The list of bullet points above is obviously an abbreviated list.  However, what is important is how the suggestions above build upon one another and interrelate to create a solid defensive plan.  Understanding that these skills are indivisible from one another in a way that addresses the whole will allow one to achieve a defensive mindset with the skills necessary to apply them.

Situational Awareness

Episode VI - Situational Awareness

As the names implies, situational awareness is simply knowing what’s going on around you. It sounds easy in principle, but in reality, requires much practice. And while it is taught to soldiers, and law enforcement officers, it’s an important skill for civilians to learn as well. In a dangerous situation, being aware of a threat even seconds before everyone else can keep you and your loved ones safe.

If you learn to pay attention to the people around you in public, you will learn to avoid being a victim. Not having situational awareness explains how most people get mugged. When people don’t pay attention to their surroundings, they have no chance to see bad guys coming until it’s too late.

Psychologists tell us keeping ourselves safe is a basic human instinct, however I have found that surviving is something we have to learn how to do. Additionally, if you choose to carry a gun concealed, you certainly want to avoid that worst-case scenario of having to use it to defend your life.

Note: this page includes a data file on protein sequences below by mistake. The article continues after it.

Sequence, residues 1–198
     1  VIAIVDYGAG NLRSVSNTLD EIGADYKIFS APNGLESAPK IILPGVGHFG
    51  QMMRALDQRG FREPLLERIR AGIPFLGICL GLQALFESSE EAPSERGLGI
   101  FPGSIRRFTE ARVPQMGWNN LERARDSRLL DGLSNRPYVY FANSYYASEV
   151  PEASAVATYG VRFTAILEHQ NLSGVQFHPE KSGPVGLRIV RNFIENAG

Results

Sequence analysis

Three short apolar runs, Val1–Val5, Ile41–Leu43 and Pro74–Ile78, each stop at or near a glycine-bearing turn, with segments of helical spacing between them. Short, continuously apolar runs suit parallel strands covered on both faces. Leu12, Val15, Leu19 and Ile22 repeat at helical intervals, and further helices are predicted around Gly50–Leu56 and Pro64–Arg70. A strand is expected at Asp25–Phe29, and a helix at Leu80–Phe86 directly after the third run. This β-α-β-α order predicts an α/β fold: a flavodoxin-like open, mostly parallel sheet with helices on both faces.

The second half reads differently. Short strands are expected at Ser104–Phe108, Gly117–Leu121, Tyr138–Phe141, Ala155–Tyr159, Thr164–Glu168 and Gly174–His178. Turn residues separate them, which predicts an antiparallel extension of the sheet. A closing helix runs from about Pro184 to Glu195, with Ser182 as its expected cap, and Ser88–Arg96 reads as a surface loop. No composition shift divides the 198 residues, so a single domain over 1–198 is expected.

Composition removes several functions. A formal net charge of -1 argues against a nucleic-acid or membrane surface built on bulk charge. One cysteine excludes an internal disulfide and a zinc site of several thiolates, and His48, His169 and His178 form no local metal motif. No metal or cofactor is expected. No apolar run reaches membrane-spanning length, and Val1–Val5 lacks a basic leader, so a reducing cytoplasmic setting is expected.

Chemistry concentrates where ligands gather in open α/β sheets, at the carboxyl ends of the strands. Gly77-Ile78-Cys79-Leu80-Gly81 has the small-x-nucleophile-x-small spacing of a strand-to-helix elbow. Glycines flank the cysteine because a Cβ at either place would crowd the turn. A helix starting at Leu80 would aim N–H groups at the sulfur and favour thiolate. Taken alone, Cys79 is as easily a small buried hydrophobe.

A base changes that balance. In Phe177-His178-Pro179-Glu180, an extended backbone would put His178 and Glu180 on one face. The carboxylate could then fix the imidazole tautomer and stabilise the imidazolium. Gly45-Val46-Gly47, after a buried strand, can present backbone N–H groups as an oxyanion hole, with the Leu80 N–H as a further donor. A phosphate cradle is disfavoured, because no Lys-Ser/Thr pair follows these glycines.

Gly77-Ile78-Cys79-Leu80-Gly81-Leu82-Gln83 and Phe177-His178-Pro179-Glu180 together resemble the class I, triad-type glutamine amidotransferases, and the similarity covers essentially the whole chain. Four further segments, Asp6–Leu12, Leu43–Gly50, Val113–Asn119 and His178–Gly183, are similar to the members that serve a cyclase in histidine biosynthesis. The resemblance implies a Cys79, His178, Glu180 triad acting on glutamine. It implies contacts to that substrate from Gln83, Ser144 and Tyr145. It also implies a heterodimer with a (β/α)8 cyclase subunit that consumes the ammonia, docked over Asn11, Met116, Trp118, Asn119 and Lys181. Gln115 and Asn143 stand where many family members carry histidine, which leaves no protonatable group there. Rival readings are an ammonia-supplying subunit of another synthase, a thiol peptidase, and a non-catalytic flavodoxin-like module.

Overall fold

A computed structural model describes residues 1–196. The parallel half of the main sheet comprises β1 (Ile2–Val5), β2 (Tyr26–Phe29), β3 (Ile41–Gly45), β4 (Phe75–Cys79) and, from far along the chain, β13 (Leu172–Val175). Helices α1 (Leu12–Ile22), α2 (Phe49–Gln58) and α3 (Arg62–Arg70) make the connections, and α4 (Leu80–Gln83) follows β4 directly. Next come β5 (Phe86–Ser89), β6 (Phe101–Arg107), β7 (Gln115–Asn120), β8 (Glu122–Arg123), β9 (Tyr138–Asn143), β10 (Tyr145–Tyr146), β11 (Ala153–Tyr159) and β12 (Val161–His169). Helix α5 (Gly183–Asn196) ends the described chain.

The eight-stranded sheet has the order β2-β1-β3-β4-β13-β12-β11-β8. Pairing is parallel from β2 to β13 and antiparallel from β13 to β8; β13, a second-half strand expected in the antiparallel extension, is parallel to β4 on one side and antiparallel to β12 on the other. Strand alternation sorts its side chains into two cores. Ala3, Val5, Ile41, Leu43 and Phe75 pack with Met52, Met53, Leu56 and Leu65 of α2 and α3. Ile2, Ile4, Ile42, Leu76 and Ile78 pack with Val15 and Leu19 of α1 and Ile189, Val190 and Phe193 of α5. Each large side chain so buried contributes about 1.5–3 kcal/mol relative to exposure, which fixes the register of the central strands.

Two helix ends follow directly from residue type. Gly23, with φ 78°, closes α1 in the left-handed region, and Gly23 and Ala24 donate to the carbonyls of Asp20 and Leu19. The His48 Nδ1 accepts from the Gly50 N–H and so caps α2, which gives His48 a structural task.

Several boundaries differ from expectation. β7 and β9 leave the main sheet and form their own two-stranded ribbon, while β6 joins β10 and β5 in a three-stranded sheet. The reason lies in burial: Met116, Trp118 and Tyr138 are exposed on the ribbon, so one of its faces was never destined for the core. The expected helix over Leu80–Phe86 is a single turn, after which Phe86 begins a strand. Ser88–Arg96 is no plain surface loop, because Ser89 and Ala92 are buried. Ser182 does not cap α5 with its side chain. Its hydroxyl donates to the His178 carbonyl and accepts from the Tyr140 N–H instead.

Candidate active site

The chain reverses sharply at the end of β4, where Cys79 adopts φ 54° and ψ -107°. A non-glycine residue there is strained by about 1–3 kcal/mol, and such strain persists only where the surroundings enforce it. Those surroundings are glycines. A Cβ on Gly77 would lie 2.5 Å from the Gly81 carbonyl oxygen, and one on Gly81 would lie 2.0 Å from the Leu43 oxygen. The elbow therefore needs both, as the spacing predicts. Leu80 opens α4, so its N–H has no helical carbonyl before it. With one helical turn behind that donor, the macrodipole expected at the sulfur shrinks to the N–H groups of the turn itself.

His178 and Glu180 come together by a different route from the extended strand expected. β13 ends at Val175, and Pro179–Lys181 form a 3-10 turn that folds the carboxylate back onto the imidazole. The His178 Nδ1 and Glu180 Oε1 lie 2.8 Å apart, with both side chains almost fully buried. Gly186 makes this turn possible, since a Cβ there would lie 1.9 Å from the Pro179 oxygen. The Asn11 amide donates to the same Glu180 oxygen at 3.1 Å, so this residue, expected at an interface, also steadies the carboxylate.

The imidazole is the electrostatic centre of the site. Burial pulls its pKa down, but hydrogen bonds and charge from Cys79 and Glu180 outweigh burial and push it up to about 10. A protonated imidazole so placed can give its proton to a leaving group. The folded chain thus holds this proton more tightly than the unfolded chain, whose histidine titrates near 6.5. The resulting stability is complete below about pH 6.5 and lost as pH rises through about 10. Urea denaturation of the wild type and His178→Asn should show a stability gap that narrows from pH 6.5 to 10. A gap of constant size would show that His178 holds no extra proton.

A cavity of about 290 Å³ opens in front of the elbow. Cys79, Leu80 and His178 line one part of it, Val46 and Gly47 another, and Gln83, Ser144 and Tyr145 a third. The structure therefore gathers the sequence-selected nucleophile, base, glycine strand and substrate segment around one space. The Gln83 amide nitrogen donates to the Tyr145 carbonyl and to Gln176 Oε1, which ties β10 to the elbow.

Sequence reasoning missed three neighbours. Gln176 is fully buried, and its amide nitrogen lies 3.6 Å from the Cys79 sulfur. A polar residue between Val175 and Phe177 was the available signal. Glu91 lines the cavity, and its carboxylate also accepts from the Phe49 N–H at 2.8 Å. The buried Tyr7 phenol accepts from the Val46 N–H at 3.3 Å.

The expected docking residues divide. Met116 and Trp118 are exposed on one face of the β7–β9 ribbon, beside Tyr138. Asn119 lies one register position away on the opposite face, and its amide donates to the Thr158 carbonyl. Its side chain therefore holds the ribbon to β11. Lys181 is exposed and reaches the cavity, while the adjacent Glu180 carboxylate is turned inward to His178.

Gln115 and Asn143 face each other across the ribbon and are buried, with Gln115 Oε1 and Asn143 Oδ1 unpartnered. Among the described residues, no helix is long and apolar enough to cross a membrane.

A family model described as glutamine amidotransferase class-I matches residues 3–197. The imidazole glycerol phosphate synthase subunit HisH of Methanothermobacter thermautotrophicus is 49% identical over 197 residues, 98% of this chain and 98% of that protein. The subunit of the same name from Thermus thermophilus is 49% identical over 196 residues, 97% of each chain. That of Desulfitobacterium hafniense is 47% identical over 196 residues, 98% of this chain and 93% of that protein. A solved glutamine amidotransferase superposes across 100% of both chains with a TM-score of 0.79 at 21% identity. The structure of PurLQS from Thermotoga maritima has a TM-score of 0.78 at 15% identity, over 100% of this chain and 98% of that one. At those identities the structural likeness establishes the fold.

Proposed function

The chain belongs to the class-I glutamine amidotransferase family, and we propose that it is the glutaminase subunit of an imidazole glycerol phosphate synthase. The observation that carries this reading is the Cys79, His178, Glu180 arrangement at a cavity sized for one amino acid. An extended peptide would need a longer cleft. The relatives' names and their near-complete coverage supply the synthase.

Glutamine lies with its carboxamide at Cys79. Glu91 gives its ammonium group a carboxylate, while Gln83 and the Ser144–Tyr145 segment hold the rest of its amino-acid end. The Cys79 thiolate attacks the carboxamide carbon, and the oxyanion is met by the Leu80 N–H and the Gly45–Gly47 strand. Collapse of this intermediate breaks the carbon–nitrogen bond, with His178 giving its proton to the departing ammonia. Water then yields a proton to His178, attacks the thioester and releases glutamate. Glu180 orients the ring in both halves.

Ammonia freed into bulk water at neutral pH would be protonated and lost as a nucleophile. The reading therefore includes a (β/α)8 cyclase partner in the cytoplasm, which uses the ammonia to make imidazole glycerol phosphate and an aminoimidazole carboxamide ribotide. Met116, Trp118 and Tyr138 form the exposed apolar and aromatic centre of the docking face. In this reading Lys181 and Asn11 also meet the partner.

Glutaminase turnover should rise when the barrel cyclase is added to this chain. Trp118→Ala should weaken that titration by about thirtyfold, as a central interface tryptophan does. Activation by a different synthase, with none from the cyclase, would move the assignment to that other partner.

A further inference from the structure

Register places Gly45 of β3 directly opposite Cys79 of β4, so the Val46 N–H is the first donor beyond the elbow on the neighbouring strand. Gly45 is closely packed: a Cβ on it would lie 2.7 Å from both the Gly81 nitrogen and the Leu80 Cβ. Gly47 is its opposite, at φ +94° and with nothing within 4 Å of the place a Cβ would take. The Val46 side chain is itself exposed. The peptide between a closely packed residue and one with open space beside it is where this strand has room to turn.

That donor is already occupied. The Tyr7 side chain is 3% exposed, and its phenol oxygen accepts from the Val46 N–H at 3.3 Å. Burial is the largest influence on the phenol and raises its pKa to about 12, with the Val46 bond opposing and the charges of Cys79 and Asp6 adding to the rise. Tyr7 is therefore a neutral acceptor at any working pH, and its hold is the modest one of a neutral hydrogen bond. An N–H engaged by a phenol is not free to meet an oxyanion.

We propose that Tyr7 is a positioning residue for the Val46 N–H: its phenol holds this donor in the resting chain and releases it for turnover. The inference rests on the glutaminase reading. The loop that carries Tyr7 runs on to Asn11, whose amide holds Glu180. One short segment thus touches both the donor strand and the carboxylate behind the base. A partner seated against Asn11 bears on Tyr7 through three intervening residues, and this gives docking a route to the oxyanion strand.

Self-defense trainers often speak of having a defensive mindset; that your brain is your best defensive tool for keeping you out of trouble. Being aware of our surroundings helps us identify dangers and possibly to avoid those dangers. Similarly, being clueless, distracted, and unprepared is far more likely to attract predators. Awareness of what is around you is where your self-defense begins. This awareness of potential danger is something we have to train and cultivate, especially as our world becomes more complex.

An important part of the personal defense mindset is situational awareness. Be alert to your surroundings. Many people go through life asleep and oblivious to the dangers around them. They may sidestep an open manhole cover and not slip on a freshly mopped floor but then miss the street person who is going to assault them for their wallet.

How exactly do we increase our situational awareness? How do we create that “defensive mindset?” I’ve found that concrete exercises help the most—when we have something to actively do, we find it easier to be more aware.